How To Freeze Projector Screens For Mac & Windows

highlighted Freeze status on a projector screen

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What To Know

  • The simplest method to freeze a projector screen is by using the projector’s remote control, which often has a Freeze button.
  • For Mac users, freezing the screen involves switching to Extended Display mode, while Windows users can utilize the Extended Mode feature for a similar effect.
  • Mac users can switch to Extended Display using Command + F1, while Windows users can press the Windows key + P for quick screen adjustments during presentations.

In this guide, I will teach you how to freeze your projector screens, whether you are using a Mac or a Windows laptop to connect to your projector. 

Let’s get started!

The Simplest Method to Freeze Your Projector Screen

Using the remote control that comes with your projector is the simplest method to freeze the screen. 

Most projector remote controls have a Freeze button that makes it easy to freeze any frame on the projected screen.

Freeze button on Epson projector remote control

Freeze button on BenQ projector remote control

This will allow you to manage your presentation effectively when presenting to a group.

highlighted Freeze status on a projector screen

But what if your projector’s remote control lacks a Freeze button? 

Continue reading to discover how to freeze your projector screen on both Mac and Windows laptops.

How To Freeze Your Projector (Epson) Without Remote

For Mac Users

When freezing your projector screen, the first thing I should mention is that it works slightly differently on a Mac and Windows. 

In fact, it’s not quite freezing but more like extending your screen so others cannot see what you’re doing.

It’s also a tad handier because, in this sense, you can continue to play the movie or slideshow while you do what you need.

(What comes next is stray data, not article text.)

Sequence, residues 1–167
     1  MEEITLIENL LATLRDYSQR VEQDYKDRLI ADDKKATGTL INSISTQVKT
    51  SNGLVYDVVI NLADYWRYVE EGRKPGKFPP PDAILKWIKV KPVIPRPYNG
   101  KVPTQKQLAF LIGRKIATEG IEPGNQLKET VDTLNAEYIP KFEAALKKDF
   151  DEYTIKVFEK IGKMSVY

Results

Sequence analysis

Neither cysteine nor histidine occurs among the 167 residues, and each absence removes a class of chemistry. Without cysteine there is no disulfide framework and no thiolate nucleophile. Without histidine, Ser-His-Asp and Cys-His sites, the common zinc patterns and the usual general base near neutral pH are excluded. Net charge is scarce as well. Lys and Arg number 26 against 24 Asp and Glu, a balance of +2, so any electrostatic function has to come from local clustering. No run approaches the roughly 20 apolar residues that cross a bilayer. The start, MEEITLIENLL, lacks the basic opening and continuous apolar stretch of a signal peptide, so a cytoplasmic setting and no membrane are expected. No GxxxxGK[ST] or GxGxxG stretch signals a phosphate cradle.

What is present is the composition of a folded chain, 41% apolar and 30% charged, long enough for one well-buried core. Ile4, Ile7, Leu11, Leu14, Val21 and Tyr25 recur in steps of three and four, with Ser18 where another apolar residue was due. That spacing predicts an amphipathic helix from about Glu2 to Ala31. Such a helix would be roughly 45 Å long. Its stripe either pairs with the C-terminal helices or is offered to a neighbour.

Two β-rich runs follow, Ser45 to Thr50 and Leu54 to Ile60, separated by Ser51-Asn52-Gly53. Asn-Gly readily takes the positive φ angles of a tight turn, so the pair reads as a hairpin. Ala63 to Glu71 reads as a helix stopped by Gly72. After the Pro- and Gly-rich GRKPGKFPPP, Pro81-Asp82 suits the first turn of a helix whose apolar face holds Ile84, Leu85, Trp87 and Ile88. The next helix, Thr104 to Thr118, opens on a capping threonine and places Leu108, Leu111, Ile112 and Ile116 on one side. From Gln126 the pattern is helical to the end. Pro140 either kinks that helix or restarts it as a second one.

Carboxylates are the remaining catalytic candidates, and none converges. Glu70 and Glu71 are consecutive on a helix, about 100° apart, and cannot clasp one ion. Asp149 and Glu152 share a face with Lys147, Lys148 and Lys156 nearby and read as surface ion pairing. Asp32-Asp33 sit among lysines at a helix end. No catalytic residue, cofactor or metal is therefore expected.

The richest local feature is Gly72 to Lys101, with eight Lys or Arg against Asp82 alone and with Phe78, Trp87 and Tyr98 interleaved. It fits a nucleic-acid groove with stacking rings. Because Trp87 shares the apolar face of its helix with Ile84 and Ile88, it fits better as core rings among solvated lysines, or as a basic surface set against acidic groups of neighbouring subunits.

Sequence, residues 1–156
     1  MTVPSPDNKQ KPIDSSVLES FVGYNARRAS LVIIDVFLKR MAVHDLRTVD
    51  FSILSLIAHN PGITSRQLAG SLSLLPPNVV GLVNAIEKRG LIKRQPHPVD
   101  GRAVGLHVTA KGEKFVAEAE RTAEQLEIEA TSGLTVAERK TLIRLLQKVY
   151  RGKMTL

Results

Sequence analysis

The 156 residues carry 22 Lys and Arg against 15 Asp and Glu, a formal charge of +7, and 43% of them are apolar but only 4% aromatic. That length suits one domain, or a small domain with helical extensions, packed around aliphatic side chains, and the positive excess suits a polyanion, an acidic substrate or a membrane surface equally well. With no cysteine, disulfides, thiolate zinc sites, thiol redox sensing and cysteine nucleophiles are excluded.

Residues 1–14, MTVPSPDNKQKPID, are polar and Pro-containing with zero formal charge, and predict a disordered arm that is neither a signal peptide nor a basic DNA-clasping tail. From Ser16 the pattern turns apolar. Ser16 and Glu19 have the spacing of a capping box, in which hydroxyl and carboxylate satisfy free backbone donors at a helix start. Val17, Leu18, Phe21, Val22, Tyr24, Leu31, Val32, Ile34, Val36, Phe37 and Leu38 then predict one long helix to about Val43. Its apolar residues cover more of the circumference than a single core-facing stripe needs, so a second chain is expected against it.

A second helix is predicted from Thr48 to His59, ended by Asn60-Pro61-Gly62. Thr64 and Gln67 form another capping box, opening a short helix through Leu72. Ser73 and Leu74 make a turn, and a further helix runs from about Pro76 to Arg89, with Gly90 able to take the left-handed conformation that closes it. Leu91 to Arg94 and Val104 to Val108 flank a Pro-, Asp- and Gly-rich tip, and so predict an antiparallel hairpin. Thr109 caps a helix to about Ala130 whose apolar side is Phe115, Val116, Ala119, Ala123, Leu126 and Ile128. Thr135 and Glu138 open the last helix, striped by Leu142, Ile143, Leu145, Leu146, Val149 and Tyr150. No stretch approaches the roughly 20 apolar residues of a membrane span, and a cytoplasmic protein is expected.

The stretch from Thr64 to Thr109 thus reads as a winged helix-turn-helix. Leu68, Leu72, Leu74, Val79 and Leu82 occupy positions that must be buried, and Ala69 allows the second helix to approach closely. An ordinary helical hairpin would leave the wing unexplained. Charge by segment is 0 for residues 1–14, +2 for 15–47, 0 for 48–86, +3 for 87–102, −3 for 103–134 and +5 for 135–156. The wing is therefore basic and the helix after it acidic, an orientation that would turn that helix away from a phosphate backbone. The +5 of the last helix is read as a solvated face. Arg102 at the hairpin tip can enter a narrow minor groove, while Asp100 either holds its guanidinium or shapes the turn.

So, how do you do it on a Mac? You have to go to Extended Display mode instead of Mirror Screen mode.

The Extended Display mode extends your screen. Basically, you’re watching a movie on “half” of your screen that’s projected on your wall, and your monitor is using the other half. 

Via Extended Display Mode

To set up an Extended Display mode with your Mac and an external monitor, such as a projector, start by clicking the Apple icon in the top left corner of your Mac’s screen. 

Then, select System Preferences, where you can modify various settings.

select the System Preferences setting on the Macbook

Next, choose the Display option on the menu screen.

select the Displays setting on the Macbook

Then, double-click the icon representing your external monitor, and choose the Extend Display option to enable your Mac to use the projector as an additional screen. 

select Extend Display in the Macbook Display setting

Once done, your projector will display a static image, typically your Mac’s desktop background, giving you a larger workspace, similar to having an additional desk.

a Macbook's desktop background image is showing on a projector screen

Via Shortcut Keys 

In earlier Mac computers, shifting from Display Mirror to Extended Display was as easy as pushing the F-keys. Usually anywhere from F7 or below.

Newer Macbooks require you to press the Command key as well as F1.

press the Command and F1 keys at the same time on the Macbook Air keyboard

Or you could assign a designated shortcut using the Fn key, which will allow you to switch as you wish.

For Windows Users

If you’re using a Windows laptop and want to “freeze” the display on your projector, just like you might do on a Mac, there’s a simple way to do it.

Windows laptops have a feature called Extended Mode.

This mode is handy for presentations. It lets you keep one frame on the projector while you can continue to use your laptop normally. 

To make things even easier, Windows has some keyboard shortcuts.

By using these shortcuts, you can quickly and effortlessly control the Extended Mode

This means you can switch between screens or freeze the projector without interrupting your flow during a presentation.

It’s a great tool for making sure your audience stays focused on the right thing while you manage your presentation behind the scenes.